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do you know if Python supports some keyword or expression like in C++ to return values based on if condition, all in the same line (The C++ if expressed with the question mark ?)

// C++
value = ( a > 10 ? b : c )
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3  
That C++ operator is called the "conditional operator" or the "ternary operator". –  Roger Pate Feb 3 '10 at 12:47
1  
Duplicate of all of these: stackoverflow.com/search?q=%5Bpython%5D+ternary. Specifically, this: stackoverflow.com/questions/135303/… –  S.Lott Feb 3 '10 at 14:42
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2 Answers

up vote 45 down vote accepted

From Python 2.5 onwards you can do:

value = b if a > 10 else c

Previously you would have to do something like the following, although the semantics isn't identical as the short circuiting effect is lost:

value = [c, b][a > 10]

There's also another hack using 'and ... or' but it's best to not use it as it has an undesirable behaviour in some situations that can lead to a hard to find bug. I won't even write the hack here as I think it's best not to use it, but you can read about it on Wikipedia if you want.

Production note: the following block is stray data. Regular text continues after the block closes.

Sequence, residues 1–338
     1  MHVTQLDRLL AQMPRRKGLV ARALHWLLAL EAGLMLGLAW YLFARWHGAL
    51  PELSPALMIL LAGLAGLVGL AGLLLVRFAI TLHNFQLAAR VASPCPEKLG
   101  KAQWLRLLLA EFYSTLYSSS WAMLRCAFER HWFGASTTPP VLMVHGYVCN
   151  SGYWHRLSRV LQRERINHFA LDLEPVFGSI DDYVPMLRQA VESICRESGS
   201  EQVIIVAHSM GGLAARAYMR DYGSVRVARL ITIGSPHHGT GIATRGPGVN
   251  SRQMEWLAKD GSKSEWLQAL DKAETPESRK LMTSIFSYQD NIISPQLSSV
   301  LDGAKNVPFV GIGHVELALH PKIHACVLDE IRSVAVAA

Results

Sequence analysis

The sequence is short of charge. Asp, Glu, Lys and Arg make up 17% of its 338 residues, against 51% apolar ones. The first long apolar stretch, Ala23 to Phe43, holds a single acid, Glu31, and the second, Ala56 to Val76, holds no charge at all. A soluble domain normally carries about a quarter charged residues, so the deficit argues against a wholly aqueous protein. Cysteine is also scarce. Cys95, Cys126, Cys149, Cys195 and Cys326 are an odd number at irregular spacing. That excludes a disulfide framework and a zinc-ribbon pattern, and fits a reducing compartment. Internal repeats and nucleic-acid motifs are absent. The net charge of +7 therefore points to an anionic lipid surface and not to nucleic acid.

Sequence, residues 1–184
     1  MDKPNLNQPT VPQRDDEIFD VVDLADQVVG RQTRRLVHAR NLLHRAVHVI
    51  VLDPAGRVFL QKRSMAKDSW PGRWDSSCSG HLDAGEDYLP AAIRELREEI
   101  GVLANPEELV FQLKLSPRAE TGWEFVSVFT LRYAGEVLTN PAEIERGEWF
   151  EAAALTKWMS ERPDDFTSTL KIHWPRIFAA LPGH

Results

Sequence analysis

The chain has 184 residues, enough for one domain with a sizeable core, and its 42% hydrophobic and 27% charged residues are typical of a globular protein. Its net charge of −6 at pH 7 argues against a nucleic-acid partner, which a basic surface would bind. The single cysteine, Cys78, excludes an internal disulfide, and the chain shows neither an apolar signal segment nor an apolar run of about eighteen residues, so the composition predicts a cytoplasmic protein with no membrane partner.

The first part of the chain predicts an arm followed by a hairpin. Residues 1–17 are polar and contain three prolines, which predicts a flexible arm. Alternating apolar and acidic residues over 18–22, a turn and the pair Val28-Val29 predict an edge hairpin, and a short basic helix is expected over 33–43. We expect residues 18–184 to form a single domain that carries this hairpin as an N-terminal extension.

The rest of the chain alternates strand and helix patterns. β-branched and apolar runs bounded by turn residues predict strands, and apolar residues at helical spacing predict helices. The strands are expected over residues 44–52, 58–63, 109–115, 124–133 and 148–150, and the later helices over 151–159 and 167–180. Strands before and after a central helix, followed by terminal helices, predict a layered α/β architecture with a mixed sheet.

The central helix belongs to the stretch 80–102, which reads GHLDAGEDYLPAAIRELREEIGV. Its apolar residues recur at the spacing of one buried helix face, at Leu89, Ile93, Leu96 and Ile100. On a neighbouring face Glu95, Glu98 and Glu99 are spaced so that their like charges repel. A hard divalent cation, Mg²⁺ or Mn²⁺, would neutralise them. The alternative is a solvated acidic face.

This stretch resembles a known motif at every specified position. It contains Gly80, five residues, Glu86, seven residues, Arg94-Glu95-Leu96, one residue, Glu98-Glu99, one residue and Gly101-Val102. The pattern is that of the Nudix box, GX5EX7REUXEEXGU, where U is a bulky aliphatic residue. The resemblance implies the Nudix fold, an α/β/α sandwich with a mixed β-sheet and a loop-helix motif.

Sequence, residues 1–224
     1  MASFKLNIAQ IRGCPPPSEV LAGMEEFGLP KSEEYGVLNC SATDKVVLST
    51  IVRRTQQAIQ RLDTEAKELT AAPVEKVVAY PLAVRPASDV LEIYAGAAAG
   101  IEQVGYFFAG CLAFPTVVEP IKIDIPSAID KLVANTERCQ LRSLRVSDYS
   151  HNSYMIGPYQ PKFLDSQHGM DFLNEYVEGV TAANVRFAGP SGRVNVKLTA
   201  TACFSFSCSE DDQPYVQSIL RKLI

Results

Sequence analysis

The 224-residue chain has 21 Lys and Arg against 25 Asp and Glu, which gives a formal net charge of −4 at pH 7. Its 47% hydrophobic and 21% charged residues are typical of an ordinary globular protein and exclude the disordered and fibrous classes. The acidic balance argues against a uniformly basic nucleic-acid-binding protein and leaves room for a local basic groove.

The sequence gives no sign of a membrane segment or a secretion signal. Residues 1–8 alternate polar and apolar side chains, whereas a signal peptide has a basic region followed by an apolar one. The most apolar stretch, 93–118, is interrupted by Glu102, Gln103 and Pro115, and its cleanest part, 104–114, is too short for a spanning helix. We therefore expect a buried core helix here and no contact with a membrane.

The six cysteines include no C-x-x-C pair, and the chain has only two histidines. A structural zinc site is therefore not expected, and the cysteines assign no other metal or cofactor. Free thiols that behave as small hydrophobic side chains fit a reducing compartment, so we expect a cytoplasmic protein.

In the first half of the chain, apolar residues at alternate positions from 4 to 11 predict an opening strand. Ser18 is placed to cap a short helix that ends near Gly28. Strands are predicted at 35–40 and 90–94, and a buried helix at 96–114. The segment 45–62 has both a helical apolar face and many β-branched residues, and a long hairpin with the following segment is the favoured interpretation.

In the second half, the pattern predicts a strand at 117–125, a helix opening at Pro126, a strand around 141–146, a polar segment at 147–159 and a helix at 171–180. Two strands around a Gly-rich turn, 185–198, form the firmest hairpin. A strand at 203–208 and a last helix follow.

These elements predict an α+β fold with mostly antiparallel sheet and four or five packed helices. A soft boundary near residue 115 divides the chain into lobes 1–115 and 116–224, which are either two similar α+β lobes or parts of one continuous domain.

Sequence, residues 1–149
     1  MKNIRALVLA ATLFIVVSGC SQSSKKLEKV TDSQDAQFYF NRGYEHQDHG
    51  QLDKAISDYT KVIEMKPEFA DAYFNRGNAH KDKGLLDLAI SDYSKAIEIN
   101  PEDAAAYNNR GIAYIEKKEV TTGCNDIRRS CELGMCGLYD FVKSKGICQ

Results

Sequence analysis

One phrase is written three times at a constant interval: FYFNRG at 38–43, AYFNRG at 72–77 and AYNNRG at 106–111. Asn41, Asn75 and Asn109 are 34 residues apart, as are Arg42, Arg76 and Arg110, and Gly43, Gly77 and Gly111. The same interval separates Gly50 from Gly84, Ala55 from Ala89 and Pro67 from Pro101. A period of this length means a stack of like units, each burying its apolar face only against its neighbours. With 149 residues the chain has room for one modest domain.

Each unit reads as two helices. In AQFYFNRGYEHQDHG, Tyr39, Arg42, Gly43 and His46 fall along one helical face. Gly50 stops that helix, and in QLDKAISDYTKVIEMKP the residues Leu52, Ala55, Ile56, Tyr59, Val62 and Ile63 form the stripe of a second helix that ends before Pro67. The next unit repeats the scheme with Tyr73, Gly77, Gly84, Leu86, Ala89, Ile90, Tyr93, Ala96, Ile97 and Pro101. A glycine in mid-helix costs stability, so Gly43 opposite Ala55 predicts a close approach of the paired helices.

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I've always wondered what notation they rejected as "too confusing" in favour of this. –  anon Feb 3 '10 at 12:47
    
Thanks for your time! That's cool! –  Abruzzo Forte e Gentile Feb 3 '10 at 13:06
1  
+1, You can use this kind of 'if' even with lambda expressions! –  Serge Feb 3 '10 at 13:16
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@Neil, not sure if you're referring to the syntax ultimately chosen, or who said "too confusing", but the PEP summarizes all the rejected alternatives among other info: python.org/dev/peps/pep-0308 –  Peter Hansen Feb 4 '10 at 2:14
    
They should have used test ? a : b. The reasons cited for its rejection are weak. –  Evgeni Sergeev Apr 4 '13 at 0:38
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simple is the best and works in every version.

   if a>10: 
       value="b"
   else: 
       value="c"
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Hi, thanks for your time! –  Abruzzo Forte e Gentile Feb 3 '10 at 13:05
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